Hundreds of river herring are swimming past a former dam in New Hampshire—the first sign that last year’s dam removal was a success. In 2015, the Town of Exeter, New Hampshire received $610,000 from NOAA to remove the Exeter River Great Dam. The removal was completed last year, reopening 21 miles of the Exeter River to fish migration.
The river and its tributaries have been returned to their original, free-flowing condition. Now, migrating herring and American eels can swim past the former dam to upstream habitat.
River herring are food for larger commercial and recreational fish. They support commercial and recreational fisheries along the Atlantic coast like striped bass, cod, and tuna. Today, these populations are at historic low levels due to habitat degradation, fishing impacts, and reduced access to spawning habitat. When river herring populations increase, other fish populations benefit as well.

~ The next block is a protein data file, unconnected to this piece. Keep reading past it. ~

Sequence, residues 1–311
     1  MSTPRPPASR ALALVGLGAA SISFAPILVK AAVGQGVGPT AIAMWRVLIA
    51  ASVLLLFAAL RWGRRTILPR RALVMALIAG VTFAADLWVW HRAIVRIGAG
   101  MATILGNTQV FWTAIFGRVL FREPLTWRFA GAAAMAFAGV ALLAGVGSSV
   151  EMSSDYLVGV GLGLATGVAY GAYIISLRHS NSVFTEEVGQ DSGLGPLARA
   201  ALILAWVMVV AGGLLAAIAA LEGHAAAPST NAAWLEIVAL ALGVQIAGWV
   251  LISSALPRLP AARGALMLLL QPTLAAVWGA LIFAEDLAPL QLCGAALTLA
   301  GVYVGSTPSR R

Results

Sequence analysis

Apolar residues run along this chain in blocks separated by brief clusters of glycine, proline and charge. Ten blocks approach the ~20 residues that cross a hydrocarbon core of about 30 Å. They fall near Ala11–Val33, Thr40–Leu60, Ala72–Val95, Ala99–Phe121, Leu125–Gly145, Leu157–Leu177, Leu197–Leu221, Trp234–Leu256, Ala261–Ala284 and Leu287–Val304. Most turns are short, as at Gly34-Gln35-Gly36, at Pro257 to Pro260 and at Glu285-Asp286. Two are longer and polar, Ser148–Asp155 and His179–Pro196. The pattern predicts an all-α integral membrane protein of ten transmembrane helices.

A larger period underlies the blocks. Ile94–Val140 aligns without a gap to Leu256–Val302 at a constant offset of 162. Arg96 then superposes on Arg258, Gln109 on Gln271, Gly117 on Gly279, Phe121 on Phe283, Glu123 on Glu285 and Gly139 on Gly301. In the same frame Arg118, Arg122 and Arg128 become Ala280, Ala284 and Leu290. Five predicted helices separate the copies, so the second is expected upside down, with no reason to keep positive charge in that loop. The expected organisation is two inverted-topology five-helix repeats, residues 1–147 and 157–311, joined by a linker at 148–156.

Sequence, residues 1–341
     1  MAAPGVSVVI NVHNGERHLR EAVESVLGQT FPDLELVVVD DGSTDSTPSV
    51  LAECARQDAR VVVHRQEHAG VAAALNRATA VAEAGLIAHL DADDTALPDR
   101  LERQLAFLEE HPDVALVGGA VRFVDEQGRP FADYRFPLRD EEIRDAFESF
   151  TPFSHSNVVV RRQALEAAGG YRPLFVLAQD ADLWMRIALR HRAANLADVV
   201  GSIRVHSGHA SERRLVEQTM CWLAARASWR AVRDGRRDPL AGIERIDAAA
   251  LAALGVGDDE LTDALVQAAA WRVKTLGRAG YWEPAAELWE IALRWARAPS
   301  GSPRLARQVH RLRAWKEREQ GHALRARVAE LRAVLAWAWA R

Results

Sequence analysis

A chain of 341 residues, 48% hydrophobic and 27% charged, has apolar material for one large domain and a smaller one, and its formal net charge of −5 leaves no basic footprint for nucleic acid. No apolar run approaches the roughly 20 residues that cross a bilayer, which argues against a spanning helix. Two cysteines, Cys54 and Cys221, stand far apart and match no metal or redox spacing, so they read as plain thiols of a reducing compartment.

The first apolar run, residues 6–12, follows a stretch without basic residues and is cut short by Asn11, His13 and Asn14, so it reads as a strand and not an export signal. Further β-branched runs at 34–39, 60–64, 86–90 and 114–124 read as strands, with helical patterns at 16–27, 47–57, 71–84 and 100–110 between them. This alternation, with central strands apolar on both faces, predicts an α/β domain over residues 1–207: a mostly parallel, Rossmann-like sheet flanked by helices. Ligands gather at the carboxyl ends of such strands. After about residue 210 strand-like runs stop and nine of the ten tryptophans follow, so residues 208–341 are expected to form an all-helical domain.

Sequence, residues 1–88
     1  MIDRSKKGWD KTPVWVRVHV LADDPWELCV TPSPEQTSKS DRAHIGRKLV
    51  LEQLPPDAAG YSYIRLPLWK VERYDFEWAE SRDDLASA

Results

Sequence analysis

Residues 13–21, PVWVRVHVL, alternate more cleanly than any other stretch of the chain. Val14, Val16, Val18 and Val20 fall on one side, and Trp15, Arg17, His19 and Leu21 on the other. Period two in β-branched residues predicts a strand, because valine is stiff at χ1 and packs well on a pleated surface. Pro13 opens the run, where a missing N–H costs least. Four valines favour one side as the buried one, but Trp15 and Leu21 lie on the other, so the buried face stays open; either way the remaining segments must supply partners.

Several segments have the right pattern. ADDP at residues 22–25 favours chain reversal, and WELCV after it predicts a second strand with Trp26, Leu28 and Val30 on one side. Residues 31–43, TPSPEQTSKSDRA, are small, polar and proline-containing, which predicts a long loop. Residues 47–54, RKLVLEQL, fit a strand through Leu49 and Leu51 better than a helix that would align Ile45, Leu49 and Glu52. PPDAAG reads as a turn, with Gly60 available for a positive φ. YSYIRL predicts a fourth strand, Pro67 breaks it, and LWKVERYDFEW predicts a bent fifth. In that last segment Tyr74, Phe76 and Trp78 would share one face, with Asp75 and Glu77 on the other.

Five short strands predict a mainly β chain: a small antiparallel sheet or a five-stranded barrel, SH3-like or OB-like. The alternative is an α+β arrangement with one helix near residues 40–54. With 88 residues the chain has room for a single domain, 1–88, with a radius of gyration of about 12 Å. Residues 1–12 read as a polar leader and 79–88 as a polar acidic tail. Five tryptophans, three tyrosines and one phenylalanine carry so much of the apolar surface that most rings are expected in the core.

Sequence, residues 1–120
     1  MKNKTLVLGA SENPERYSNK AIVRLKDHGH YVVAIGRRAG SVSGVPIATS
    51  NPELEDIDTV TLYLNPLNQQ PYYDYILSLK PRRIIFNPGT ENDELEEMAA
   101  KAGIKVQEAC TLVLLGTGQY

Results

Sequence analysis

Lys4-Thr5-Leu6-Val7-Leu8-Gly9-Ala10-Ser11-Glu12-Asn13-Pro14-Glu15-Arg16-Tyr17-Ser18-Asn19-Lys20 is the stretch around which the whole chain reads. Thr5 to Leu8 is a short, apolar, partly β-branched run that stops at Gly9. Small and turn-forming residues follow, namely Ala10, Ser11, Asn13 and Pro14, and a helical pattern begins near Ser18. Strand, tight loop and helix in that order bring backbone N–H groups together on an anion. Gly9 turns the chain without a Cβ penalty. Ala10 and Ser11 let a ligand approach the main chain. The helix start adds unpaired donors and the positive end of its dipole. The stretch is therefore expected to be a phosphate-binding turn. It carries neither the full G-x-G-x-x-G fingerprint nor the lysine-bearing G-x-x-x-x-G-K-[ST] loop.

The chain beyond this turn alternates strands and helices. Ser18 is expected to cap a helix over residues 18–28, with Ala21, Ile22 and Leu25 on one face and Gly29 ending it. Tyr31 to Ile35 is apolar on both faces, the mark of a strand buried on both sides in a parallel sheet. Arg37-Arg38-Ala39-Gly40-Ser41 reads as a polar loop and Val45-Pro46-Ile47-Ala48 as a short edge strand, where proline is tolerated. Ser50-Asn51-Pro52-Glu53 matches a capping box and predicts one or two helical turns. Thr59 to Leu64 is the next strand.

But that’s not the only benefit: removing the dam helps improve water quality and eliminates the cost of maintaining the dam.
Habitat restoration projects like these also strengthen coastal communities and ecosystems. Removing the Exeter Dam has already reduced flooding from coastal storms and increased foot traffic in the downtown area. Both the depth and severity of flooding has been reduced across almost 1,000 acres in Exeter, just by removing the dam. Improving the health and safety of coastal areas makes our nation stronger and our economy more secure.
Posted June 1, 2017